Visiting the beautiful country of Morocco for the first time made me wonder how this country of 33 million people, 447,000 square kilometers in area and $104 billion (Dh382 billion) in gross domestic product is managing its energy needs with very little domestic resources and ever growing demand.
The country produces no more than 5,100 barrels a day of oil and condensate and 0.1 billion cubic meters (bcm) a year of natural gas. Therefore, it is almost totally dependent on imports to satisfy a growing demand for these sources of energy.
According to a paper presented at the 10th Arab Energy Conference in Abu Dhabi last December, the total primary energy demand in Morocco in 2013 was 18.4 million tonnes of oil equivalent (mtoe), while average demand growth has been about 5.3 per cent a year over the last 10 years or so. The per capita consumption had risen from 0.36 to 0.56 tonnes of oil equivalent (toe) between 2002 and 2013, an indication of economic activity and improved standard of living among other things.
The share of energy sources indicate that 58.4 per cent went to oil, 21.9 per cent to coal, 7.6 per cent to imported electricity, 6.2 per cent to gas and 5.8 per cent to renewables. Wind energy contributed 1.9 per cent and the rest came from hydro-electricity. It is clear then that import dependency in Morocco is 93.7 per cent, a little improvement from 10 years ago and the import bill reached about $12.3 billion, with the additional burden of volatile markets for oil, gas and coal.
The policy aims of Morocco as set by the 2009–12 plan are to provide optimal electricity services based on sound technology and competitiveness, to increase the share of renewables, conserve energy and raise efficiency, mobilize domestic resources and seek integration with others when possible. While these are well under way, there is a lot more to be done.
It will be a real challenge to increase wind and solar powered electricity by 3,893 MW between 2013 and 2017 by investing almost 75.2 Moroccan dirhams (about $7.5 billion). Further down the road, Morocco aims to increase renewable electricity to a share of 42 per cent by 2020 by the addition of 2,000 MW in each of wind, solar and hydroelectricity.
The country has adapted its administrative structure to create bodies within the Ministry of Energy, Minerals, Water and Environment to ensure the plans are carried out on a timely basis. Each administration has already identified the projects to be pursued.
The Ministry is even considering a national commission to deal with all aspects of conservation and improve the efficiency of energy use to achieve the target of 12 per cent improvement by 2020 and 15 per cent by 2030. These are huge undertakings and a real challenge by comparison to what has happened in more advanced countries.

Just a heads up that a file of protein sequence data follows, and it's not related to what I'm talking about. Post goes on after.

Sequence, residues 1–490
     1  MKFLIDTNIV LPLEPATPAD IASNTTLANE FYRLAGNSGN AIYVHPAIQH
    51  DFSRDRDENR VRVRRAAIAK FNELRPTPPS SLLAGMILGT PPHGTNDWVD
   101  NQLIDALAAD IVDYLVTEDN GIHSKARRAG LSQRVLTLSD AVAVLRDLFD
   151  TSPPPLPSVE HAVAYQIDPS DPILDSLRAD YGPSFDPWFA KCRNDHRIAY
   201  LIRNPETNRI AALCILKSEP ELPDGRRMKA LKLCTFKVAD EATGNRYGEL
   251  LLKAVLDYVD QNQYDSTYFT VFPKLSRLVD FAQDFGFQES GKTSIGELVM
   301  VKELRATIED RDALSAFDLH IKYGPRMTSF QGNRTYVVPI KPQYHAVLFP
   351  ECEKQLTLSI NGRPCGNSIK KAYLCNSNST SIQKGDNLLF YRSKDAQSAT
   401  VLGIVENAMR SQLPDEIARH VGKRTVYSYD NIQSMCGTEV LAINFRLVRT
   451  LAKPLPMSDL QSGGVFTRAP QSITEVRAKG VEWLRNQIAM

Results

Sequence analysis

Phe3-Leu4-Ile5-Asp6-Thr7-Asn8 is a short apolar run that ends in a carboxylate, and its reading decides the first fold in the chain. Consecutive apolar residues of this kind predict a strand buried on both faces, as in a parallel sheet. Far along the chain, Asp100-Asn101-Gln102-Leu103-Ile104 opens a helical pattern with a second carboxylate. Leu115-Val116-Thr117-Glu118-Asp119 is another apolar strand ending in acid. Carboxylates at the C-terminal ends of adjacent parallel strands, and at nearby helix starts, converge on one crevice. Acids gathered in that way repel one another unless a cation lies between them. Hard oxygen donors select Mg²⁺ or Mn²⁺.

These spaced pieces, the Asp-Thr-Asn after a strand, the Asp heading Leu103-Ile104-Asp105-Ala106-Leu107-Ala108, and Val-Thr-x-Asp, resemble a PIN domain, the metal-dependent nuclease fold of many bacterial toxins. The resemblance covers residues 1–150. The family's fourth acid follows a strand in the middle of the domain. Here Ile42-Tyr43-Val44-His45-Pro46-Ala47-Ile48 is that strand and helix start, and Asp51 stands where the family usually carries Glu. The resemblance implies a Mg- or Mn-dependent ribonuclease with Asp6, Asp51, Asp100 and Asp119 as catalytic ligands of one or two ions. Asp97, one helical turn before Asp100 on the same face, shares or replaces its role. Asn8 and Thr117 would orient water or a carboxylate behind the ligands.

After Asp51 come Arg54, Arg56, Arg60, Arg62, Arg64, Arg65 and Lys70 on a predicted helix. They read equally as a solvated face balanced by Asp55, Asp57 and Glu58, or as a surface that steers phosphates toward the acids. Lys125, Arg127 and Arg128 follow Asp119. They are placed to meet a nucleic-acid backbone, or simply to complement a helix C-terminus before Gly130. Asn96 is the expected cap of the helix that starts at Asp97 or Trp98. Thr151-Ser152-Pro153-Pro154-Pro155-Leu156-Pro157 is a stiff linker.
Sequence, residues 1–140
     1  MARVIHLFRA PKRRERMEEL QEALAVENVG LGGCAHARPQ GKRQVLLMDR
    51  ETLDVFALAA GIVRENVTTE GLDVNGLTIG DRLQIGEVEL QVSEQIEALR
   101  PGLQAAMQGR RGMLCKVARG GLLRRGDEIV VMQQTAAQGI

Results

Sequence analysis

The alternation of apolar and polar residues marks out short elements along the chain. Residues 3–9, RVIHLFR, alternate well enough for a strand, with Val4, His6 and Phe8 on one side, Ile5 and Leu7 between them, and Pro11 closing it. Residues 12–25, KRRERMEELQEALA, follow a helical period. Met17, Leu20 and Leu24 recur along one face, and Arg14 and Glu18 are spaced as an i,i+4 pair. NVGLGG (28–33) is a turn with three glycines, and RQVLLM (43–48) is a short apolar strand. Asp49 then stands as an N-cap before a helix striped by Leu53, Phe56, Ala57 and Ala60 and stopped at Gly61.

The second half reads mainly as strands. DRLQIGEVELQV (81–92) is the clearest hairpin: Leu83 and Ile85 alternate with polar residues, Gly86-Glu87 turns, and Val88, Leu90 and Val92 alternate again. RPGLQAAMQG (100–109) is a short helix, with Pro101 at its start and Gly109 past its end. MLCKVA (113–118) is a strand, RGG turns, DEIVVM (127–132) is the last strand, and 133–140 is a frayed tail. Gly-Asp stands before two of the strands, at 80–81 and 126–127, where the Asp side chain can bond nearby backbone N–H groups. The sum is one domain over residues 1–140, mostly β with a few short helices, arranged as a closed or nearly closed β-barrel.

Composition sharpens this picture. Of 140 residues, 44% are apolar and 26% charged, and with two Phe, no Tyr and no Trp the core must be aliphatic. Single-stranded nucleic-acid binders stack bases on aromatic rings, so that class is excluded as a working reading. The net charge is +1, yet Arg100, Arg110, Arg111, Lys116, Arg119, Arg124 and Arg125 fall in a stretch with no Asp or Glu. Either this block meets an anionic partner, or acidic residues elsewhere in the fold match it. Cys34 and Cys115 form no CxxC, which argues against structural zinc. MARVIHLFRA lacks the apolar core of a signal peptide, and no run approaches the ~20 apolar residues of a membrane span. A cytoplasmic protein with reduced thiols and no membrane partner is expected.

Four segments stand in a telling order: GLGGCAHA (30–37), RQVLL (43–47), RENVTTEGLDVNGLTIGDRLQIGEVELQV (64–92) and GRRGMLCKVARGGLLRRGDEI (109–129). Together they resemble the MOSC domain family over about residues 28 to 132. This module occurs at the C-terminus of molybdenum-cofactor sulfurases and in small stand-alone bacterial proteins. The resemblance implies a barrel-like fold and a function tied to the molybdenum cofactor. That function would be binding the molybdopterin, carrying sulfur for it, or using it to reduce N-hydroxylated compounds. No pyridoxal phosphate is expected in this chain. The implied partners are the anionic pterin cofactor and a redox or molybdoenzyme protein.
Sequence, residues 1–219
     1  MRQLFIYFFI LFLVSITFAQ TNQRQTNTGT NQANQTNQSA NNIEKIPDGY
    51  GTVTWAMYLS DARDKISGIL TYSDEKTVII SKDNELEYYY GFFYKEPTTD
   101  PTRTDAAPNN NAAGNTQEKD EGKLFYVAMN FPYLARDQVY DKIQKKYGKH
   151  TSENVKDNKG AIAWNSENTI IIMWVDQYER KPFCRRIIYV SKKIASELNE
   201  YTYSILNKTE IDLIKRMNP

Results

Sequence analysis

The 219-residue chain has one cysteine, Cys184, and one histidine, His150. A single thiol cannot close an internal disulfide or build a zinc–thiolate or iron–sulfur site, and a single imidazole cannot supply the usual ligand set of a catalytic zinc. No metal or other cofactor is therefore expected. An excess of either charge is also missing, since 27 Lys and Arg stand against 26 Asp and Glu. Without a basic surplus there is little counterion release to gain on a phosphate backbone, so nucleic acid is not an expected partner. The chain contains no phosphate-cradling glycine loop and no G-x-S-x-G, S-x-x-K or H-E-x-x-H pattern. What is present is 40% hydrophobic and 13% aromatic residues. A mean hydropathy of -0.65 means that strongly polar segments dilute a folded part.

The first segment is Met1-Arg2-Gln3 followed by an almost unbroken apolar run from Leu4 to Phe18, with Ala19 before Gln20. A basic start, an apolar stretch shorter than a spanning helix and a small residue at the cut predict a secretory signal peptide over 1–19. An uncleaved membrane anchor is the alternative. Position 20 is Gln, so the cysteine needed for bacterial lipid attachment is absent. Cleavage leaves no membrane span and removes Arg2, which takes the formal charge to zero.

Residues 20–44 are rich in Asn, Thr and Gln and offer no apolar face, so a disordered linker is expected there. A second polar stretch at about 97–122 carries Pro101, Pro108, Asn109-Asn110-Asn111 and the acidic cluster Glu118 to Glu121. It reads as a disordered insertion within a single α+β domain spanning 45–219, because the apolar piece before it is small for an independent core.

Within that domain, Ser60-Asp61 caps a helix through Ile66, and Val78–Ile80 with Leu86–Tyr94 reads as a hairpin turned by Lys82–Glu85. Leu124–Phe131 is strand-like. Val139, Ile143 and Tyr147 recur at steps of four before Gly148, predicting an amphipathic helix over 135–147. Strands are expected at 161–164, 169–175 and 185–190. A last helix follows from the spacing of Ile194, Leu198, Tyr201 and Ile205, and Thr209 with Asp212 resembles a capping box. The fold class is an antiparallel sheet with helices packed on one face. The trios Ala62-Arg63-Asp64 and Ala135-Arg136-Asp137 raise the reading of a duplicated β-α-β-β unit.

The efficiency improvement ‘has been elevated to a national priority, with a range of measures on lighting, building standards, appliances and vehicles’ and is said to target these sectors by regulations and by making people aware to do their part. It is going to be costly, but for a country that depends so much on imported energy it is worth it to tap the supply achieved by conservation.
The Ministry of Energy reserves all rights to act as overseers for all enterprises in the energy sector and custodian of agreements with foreign and private sector investors to execute governmental policies concerning energy, mining and geology. The Ministry is enabled by many laws that encourage investment, especially with respect to renewable energy and even in the more complex sector of oil refining.
The Ministry’s responsibility to assure safe and reliable energy supply to all has been amply demonstrated by the 99 per cent electricity coverage, according to the World Bank.
But this is not without problems. Morocco, though it is trying hard to phase out energy subsidies, is still burdened with them to the tune of over $2 billion for petroleum products as recently as in 2008. The increase in domestic sales prices since then may have reduced the burden.
As for electricity, the Ministry foresees the need to install 500-600 MW annually for the next 10 years and is progressively liberalizing the market by raising tariffs to encourage private investment.
There is a good chance Morocco will do well to realize the aims set in 2009, which focuses on security of supply, diversification of energy sources, reducing dependence on imports, accessibility of energy for all at the lowest cost, energy efficiency and environment and safety. Let us hope that they do so.
Source: Gulf News